Contingent, unknown and unquantifiable liabilities are problematic in the post-closing purchase price adjustment process. Target companies will probably see these liabilities in the best possible light and exclude them from the estimated balance sheet. When buyers prepare the final closing balance sheet, they often will naturally quantify contingent, unknown and unquantifiable liabilities using a conservative, worst-case analysis. Regardless of which might be the better way to reflect the intentions of the merger parties, buyers typically have the protection of having the opportunity to make an indemnification claim if the contingent liability is incurred, when an unknown liability arises or when a previously unquantifiable liability is finally determined. Sellers, on the other hand, usually have no ability to receive any benefit after the working capital adjustment process is completed if the liability is lower than buyer’s estimate. A common example is accruing for sales tax liabilities where the target company historically did not believe sufficient nexus exists to collect or remit the tax.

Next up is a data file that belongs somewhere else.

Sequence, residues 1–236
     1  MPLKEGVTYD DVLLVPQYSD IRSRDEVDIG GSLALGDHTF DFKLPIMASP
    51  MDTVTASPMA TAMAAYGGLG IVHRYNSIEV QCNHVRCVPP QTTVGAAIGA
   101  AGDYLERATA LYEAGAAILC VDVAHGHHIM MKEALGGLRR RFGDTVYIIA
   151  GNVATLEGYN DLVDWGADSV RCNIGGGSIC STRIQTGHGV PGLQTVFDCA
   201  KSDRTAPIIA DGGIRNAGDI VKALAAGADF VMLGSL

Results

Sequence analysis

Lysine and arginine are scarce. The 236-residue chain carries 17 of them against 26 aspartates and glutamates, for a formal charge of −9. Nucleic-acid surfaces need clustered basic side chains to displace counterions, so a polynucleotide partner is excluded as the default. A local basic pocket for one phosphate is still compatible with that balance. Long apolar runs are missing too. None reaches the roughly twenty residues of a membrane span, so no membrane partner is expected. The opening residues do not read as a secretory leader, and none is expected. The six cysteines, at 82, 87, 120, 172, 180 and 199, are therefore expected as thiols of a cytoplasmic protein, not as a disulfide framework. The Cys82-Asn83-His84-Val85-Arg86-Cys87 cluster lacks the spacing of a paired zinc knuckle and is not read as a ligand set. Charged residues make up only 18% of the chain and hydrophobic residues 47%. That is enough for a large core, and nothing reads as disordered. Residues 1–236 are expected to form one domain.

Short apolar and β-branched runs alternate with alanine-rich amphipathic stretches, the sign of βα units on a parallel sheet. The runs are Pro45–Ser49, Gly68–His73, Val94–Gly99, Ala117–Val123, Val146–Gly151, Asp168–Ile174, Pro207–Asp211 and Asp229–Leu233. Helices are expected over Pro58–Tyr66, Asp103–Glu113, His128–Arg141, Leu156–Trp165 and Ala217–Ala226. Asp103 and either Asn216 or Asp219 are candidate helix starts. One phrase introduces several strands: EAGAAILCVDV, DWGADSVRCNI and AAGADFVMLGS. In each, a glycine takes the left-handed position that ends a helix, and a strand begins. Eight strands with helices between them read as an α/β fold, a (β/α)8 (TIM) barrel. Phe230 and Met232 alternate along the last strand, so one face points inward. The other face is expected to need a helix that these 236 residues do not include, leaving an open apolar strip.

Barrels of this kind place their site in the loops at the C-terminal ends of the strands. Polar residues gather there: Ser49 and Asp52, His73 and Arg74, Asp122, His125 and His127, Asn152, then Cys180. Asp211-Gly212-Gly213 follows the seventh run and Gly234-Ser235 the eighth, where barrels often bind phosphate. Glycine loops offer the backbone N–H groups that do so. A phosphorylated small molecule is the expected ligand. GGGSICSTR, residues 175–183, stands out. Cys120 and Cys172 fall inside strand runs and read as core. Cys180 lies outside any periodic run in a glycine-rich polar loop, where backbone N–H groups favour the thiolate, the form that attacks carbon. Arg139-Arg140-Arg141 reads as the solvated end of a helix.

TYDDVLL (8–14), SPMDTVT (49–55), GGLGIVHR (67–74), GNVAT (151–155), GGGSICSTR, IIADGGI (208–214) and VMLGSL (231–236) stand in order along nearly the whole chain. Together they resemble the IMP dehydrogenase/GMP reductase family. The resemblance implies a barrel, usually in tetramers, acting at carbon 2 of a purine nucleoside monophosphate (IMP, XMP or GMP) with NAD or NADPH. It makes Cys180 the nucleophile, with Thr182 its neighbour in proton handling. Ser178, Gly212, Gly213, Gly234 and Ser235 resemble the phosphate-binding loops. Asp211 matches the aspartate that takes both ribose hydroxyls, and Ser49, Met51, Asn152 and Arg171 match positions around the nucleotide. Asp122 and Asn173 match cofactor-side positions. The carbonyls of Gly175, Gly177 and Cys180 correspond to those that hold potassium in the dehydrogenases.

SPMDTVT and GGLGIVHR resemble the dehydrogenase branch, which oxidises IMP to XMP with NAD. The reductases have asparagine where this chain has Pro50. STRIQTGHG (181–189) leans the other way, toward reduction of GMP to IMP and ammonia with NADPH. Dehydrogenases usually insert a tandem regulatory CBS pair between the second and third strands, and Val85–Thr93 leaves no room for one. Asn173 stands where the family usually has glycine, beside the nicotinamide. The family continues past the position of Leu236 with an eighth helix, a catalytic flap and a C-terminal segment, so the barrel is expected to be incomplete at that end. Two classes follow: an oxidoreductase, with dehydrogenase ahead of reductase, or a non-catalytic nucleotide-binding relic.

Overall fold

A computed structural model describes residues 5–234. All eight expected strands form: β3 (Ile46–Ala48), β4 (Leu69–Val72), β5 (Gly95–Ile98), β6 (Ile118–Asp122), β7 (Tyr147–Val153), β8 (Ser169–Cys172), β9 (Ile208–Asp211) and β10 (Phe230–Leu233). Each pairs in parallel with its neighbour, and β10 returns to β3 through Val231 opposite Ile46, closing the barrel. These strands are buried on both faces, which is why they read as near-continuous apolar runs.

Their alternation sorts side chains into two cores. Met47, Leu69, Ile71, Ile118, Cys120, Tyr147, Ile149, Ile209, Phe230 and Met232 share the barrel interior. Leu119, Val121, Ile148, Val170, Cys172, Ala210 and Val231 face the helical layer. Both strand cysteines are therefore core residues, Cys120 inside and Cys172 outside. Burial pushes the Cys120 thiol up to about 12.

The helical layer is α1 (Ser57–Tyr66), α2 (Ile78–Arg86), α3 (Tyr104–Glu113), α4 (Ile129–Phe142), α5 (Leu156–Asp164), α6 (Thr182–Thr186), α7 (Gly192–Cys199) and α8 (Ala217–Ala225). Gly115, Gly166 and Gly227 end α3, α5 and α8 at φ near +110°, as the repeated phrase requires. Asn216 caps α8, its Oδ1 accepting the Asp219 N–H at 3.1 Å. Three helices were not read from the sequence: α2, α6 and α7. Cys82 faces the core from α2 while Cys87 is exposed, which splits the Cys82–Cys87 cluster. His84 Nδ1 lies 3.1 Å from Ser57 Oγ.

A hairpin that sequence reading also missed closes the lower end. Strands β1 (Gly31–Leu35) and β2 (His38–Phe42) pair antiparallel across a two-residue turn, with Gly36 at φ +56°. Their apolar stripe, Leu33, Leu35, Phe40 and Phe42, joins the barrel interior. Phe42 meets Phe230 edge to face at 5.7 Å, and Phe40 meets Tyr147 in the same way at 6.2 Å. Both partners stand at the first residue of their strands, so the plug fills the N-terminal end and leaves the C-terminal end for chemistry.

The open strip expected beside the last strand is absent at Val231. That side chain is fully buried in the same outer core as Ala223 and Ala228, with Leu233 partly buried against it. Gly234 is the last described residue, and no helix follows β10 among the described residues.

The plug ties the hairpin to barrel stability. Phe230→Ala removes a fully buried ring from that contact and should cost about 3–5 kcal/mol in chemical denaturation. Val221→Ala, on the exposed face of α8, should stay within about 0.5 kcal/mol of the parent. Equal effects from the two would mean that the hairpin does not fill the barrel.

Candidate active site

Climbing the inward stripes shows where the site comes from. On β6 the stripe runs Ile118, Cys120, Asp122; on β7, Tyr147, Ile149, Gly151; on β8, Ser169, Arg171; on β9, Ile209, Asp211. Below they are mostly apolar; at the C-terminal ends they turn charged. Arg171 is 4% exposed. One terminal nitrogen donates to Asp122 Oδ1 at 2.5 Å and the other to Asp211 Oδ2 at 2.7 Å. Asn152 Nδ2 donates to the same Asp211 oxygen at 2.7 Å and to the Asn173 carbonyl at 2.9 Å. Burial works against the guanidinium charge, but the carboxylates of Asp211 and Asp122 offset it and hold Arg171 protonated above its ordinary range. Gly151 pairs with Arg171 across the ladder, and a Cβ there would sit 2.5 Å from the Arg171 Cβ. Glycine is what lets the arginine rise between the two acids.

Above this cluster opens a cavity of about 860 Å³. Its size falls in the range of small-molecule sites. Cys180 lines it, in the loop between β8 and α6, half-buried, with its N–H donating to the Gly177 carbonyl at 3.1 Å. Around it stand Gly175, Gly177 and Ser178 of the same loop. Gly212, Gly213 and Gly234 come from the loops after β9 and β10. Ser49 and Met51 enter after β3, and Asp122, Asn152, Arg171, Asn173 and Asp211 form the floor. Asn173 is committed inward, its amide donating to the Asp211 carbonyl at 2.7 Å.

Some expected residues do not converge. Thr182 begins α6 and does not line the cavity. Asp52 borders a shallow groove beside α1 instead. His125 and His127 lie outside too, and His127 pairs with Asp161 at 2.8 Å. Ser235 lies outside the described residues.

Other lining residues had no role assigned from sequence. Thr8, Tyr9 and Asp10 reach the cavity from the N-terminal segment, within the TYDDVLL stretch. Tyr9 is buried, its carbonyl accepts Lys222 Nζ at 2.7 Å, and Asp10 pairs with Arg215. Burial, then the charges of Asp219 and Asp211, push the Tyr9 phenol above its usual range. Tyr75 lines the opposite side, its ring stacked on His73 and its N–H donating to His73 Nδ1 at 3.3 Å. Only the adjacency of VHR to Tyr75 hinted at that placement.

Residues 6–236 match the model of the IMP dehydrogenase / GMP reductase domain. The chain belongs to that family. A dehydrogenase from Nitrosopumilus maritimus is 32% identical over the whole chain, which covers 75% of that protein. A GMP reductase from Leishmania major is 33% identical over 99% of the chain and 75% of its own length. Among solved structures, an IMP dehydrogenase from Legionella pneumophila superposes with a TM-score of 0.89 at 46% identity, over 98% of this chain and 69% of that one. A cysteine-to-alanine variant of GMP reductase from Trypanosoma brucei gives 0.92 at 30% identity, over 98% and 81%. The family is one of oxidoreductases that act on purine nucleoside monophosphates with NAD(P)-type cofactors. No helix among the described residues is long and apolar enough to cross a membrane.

To address this, sellers have a few options. First, contingent, unknown and/or unquantifiable liabilities can be explicitly excluded from the definition of working capital and be prosecuted by the buyer solely as an indemnification claim. Since indemnification periods are typically substantially in excess of working capital periods, this allows a much longer period for the actual amount of the applicable liability to be determined. Second, the parties might consider assigning to the sellers the right to either collect or receive any contingent, unknown and unquantifiable amounts that result in a downward purchase price adjustment but are later collected or reversed. For instance, if there is a downward working capital adjustment for payment of a tax liability that may ultimately be determined not to be owed, the parties may agree that the sellers shall be assigned any future refunds related to that liability that might be received. Similarly, if the working capital adjustment is due to a distressed receivable that the buyer is writing off, they may agree that such receivable should be assigned to the sellers to try to recover whatever they may be able to recoup.

The one exception to this strategy is that the parties may wish to estimate the tax liabilities and potential tax refunds that will be received by the Company for the stub period tax returns. Since the costs of the transaction can be used to reduce taxable income, the parties may wish to quantify tax impact of the acquisition on stub period taxes and include provisions as to who is to pay additional tax liabilities and receive tax refunds, if any.

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